Coach Ben Dicke Conquering the Wasatch 100 & Leadville 100 Back to Back

Climbing up the first major ascent of the Wasatch Front 100, my legs were already tired. We were less than seven miles into the day, which at Wasatch meant at least 27 more hours of work. I knew my mental game was the only thing that would reliably keep me moving forward.

Nine months earlier I had gotten the incredible news that my name was drawn in the Leadville Trail 100 lottery. Leadville is my absolute favorite race and I had waited five years to toe the line again. This would be my fourth Leadville and I planned to focus my entire year on the training.

I laughed out loud when just three weeks later I opened an email from the Wasatch race committee alerting me that my name had been drawn in that lottery as well. "That's a tight turnaround," I said looking at the dates: August 19, Leadville, September 8, Wasatch Front. Oh well. Leadville was still my goal race, which meant a deliberate choice to not save anything for Wasatch.

My mantra for this year’s Leadville was “Stay in it.” The race is so special to me that even though this may have been the toughest conditions on that course, finishing was the only outcome I allowed myself.

I felt as prepared as ever for this year’s Leadville, and just like every year, the Leadville course exacted a steep toll on my body. 2023 was a particularly warm and exposed race. It's certainly the first time I can remember sweating profusely near the top of Hope pass going both directions. The heat created carnage in the field of runners and resulted in an almost historically low finisher rate.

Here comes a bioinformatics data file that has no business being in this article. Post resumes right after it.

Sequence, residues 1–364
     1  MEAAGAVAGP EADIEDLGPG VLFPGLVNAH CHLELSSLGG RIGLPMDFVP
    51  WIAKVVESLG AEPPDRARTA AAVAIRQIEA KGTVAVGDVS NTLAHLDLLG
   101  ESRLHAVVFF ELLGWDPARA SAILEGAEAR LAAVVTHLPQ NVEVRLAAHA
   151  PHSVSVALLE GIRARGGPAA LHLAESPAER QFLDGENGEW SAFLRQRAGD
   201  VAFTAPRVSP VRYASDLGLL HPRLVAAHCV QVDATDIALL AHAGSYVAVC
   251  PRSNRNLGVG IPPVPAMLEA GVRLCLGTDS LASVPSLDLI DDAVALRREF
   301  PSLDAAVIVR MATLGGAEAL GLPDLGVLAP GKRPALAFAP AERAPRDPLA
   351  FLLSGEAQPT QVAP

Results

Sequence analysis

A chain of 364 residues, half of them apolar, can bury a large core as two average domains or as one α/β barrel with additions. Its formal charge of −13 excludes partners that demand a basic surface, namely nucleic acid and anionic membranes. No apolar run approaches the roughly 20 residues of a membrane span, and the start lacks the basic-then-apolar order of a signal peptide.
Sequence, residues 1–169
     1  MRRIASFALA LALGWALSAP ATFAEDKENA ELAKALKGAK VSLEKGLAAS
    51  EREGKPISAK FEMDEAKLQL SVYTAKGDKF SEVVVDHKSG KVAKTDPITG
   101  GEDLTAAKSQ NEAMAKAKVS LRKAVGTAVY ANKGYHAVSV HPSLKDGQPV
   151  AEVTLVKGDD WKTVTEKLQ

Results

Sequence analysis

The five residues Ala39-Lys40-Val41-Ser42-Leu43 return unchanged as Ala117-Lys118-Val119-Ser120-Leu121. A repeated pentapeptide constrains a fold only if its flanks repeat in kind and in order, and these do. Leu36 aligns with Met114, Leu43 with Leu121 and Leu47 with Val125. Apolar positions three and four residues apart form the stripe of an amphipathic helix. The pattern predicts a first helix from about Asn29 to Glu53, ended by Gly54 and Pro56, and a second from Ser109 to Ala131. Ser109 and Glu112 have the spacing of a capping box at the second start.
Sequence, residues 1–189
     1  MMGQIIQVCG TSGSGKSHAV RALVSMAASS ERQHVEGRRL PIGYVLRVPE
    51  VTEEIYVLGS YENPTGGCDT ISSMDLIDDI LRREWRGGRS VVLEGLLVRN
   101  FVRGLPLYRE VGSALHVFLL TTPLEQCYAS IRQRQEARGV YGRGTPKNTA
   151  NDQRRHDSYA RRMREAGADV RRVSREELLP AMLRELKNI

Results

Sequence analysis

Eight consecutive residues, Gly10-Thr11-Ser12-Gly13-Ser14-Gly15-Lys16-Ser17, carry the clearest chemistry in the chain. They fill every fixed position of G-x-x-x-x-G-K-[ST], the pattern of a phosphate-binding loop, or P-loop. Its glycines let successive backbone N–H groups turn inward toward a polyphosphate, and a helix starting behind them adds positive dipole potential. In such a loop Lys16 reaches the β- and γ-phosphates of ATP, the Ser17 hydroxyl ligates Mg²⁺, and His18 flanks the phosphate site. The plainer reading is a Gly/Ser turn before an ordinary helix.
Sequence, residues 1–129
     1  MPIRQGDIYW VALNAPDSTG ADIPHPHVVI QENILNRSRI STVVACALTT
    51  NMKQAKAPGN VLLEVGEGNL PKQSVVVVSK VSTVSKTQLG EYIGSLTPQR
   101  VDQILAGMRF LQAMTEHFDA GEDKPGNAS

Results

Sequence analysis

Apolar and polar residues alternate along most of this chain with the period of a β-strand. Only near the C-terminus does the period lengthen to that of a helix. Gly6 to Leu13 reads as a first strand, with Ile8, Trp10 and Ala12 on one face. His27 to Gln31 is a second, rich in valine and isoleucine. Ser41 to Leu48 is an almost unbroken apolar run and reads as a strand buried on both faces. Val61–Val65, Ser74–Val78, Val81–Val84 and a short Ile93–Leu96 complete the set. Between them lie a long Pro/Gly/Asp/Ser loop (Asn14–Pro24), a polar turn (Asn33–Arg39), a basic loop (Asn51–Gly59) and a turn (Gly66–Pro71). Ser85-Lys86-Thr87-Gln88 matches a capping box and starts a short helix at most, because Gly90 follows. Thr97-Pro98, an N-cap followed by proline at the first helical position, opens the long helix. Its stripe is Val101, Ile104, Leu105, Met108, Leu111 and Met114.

By mile seventy of Leadville, as I contemplated what I still had left to do on that course, I had already convinced myself that I wouldn’t be toeing the line at Wasatch. I couldn’t fathom turning around and suffering this much in just three week’s time. And I knew I wouldn’t have the legs to crush Wasatch Front, such was the effort I was putting out in the Race Across the Sky.

At the Outward Bound Aid Station at mile 76, I mentioned to my wife my plans to defer my Wasatch entry. She wisely suggested I focus on finishing the race I was currently running and to not make any decisions about the future until after Leadville was over. She was, of course, right. By the next day, I was already strategizing how to get another pacer out to Utah.

I spent the three weeks in between tending to blisters and keeping mileage low - rolling out my legs every evening. I knew Wasatch was going to hurt, and I was right.

From mile seven onward, I had to use every ounce of experience to stay on that course. My biggest trick, outside my unwavering commitment to constantly eating, is my self-talk.

“If you just keep moving forward, you’ll eventually cross the finish line.” It’s a simple thought. And such a glaring truth, but things often become very simple in the long hours of a 100 mile race. And the thought, simple as it was, held true.

I’m very proud of those two buckles. And I’ll carry that self-talk with me as I confront life’s daily challenges. Whatever you’ve got on the calendar for this next year and however the conditions end up on race day, do your best to keep moving forward. If you do, you’ll cross that finish line. And that finish line is always worth it.

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